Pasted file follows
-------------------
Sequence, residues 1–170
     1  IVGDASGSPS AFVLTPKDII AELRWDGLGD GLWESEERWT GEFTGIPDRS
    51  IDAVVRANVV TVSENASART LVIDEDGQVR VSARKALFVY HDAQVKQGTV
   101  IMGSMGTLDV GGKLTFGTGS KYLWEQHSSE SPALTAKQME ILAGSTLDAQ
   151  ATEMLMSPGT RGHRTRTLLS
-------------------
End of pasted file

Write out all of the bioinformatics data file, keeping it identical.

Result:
Sequence, residues 1–170
     1  IVGDASGSPS AFVLTPKDII AELRWDGLGD GLWESEERWT GEFTGIPDRS
    51  IDAVVRANVV TVSENASART LVIDEDGQVR VSARKALFVY HDAQVKQGTV
   101  IMGSMGTLDV GGKLTFGTGS KYLWEQHSSE SPALTAKQME ILAGSTLDAQ
   151  ATEMLMSPGT RGHRTRTLLS